June 08, 2022
A terrible piece of anti-gun legislation that was quickly rammed through the House Judiciary Committee last week and is headed for a vote on the House floor has pro-gun advocates worried—especially since some Republican U.S. senators seem willing to consider the measure.
Predictably called the "Protecting Our Kids Act," HR 7910 is a particularly bad measure that would make sweeping changes to current gun laws, all resulting in more restrictions on lawful gun owners, while violent criminals won’t follow the new laws anyway. Among other things, the proposal calls for raising the age for purchase of certain rifles, banning standard capacity magazines owned by millions of gun owners, banning so-called "ghost guns," banning certain firearms parts and even telling gun owners how they must store their firearms.
The section on gun owner age would ban law-abiding 18- to 20-year-olds from acquiring semi-automatic rifles and shotguns, despite them being able to practice their other Constitutionally protected rights. Currently, only five states have laws restricting 18- to 20-year-olds from acquiring long guns, and most of them face legal challenges.
The magazine ban section of the legislation would prohibit the manufacture, importation, sale or possession of magazines with a capacity of more than 10 rounds. As most Firearms News readers are well aware, what the anti-gunners call “high-capacity” magazines are just the standard magazines that come with most semi-automatic rifles and the majority of semi-automatic handguns used by millions for self-defense, sport, competition and concealed carry.
“These magazines are overwhelmingly popular with law-abiding Americans for self-defense with several hundred million currently possessed, and are without a doubt in ‘common use,’ which provides them with constitutional protection under current Supreme Court doctrine,” NRA’s Institute for Legislative Action (NRA-ILA) pointed out in an action alert. “Indeed, two pending challenges to existing state bans are currently pending review before the Court.
The so-called “ghost gun” portion of the legislation actually goes far beyond what most people would consider a ghost gun to be. It bans the American tradition of building one’s own firearm, something free Americans have been doing since the country was founded.
Additionally, the “safe storage” provisions in the legislation are problematic because they seek to control how individual gun owners keep their privately owned firearms in their own homes. Of course, criminals would completely ignore such regulations.
Lastly, in a section actually called “Closing The Bump Stock Loophole,” the bill would ban “bump stocks,” a long-time pet project of the Biden administration that focuses on a device that is very seldom used in murders—mass or otherwise.
This latest anti-gun legislation comes on the heels of horrible mass murders in Buffalo, New York, and Uvalde, Texas. Such Congressional reaction to calls to “just do something” is nearly always misguided, however. The Firearms Policy Coalition (FPC) put it best in a recent news alert discussing knee jerk legislative reaction to horrible tragedies involving violent criminals misusing firearms.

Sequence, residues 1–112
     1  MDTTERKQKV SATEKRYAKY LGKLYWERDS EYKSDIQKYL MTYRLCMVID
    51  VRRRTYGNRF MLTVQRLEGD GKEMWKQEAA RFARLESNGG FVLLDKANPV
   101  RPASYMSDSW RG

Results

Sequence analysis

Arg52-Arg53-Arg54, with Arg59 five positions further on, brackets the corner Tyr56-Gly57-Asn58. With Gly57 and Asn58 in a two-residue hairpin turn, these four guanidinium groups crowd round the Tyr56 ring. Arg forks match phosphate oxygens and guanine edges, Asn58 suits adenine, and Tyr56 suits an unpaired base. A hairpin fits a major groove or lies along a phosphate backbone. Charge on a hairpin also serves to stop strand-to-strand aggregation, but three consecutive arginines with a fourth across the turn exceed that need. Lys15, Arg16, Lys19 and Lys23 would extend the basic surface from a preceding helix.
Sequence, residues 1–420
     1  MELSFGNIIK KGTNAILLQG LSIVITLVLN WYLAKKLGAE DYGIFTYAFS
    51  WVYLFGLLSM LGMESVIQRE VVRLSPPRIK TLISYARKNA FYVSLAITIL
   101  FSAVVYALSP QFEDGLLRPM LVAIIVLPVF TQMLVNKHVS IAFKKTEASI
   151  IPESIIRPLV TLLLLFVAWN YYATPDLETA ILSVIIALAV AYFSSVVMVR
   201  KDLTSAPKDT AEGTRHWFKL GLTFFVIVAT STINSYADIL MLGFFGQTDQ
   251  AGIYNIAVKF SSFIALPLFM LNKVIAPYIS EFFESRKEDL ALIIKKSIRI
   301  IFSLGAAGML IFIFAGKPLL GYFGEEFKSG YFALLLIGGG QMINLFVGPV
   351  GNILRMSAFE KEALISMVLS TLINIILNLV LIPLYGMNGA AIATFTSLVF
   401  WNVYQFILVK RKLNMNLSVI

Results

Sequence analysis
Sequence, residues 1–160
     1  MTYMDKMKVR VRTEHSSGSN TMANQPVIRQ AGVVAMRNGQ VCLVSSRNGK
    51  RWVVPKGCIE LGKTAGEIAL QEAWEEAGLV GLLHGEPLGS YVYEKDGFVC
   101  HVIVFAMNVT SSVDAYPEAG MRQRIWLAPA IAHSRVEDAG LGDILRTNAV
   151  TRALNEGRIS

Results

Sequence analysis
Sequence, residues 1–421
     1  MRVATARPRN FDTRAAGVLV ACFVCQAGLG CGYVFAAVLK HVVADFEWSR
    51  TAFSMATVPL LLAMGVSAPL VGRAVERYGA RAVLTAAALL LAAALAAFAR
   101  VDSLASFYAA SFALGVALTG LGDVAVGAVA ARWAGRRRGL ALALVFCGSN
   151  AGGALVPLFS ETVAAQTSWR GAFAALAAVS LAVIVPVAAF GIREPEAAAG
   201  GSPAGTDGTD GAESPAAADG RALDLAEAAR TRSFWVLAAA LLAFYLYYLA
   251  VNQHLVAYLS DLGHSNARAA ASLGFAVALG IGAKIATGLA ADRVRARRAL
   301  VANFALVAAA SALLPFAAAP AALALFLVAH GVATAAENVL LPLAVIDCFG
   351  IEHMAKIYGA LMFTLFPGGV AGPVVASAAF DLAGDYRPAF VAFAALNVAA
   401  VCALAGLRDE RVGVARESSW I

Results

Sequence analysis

“Those who oppose human liberty would have us choose between being disarmed or facing incarceration, locked in a cage for peaceably keeping and bearing arms, as is our right,” FPC wrote. “But fundamental rights are not subject to the tyranny of the majority, and thus, we reject this proposition.
“The government has no duty to protect you—you are, and always have been, your own first responder. There will always be weapons in the hands of evil. The only question is whether you are armed and ready to defend life and liberty against that evil.”
While the current legislation is distressing, the really scary part is that some in the U.S. Senate, where most gun legislation has gone to die of late, seems to be softening to the idea. In fact, some Republican senators have indicated they support President Joe Biden’s long list of restrictions, leading to high hopes for anti-gun Democrat leaders like Sen. Chris Murphy, D-Connecticut.
“I’ve never been part of negotiations as serious as these,” Murphy recently told CNN. “There are more Republicans at the table talking about changing our gun laws, investing in mental health than at any time since Sandy Hook.
“I’m more confident than ever that we’re going to get there, but I’m also more anxious about failure this time around.”
Such confidence by gun-ban advocates has many on the pro-Second Amendment side of the debate concerned, including Gun Owners of America (GOA).
“The emotional warfare being waged by the anti-gun lobby is like nothing we’ve seen for a long, long time,” the group said in an action alert to members. “RINO Republicans are now cowering in the corner, already waving the white flag of surrender.
“That’s why we need to fight fire with fire. Every RINO Senator needs to understand that while a vote for gun control may win them three seconds of praise from anti-gunners who hate their guts, it will cost them thousands and thousands of votes from their actual gun-owning constituents this November.”
GOA has provided a link for its members to add their name to a letter urging a
“No” vote on the sweeping piece of legislation. That link is accessible here.
NRA also has posted a link for its members to contact their representative and senators to voice their opposition to the measure. The link is available here.
Freelance writer and editor Mark Chesnut is the owner/editorial director at Red Setter Communications LLC. An avid hunter, shooter and political observer, he has been covering Second Amendment issues and politics on a near-daily basis for the past 20 years.